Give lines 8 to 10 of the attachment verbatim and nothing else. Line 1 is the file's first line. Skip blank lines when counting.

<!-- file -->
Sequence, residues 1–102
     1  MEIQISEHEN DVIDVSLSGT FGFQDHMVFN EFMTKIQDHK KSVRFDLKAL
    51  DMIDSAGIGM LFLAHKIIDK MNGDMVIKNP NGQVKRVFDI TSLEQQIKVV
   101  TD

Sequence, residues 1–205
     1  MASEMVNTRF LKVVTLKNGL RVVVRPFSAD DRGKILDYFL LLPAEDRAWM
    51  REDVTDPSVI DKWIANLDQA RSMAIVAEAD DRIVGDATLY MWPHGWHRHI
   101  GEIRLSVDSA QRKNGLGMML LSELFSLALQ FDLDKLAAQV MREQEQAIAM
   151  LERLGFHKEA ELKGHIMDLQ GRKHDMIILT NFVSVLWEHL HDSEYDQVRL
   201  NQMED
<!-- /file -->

   101  GEIRLSVDSA QRKNGLGMML LSELFSLALQ FDLDKLAAQV MREQEQAIAM
   151  LERLGFHKEA ELKGHIMDLQ GRKHDMIILT NFVSVLWEHL HDSEYDQVRL
   201  NQMED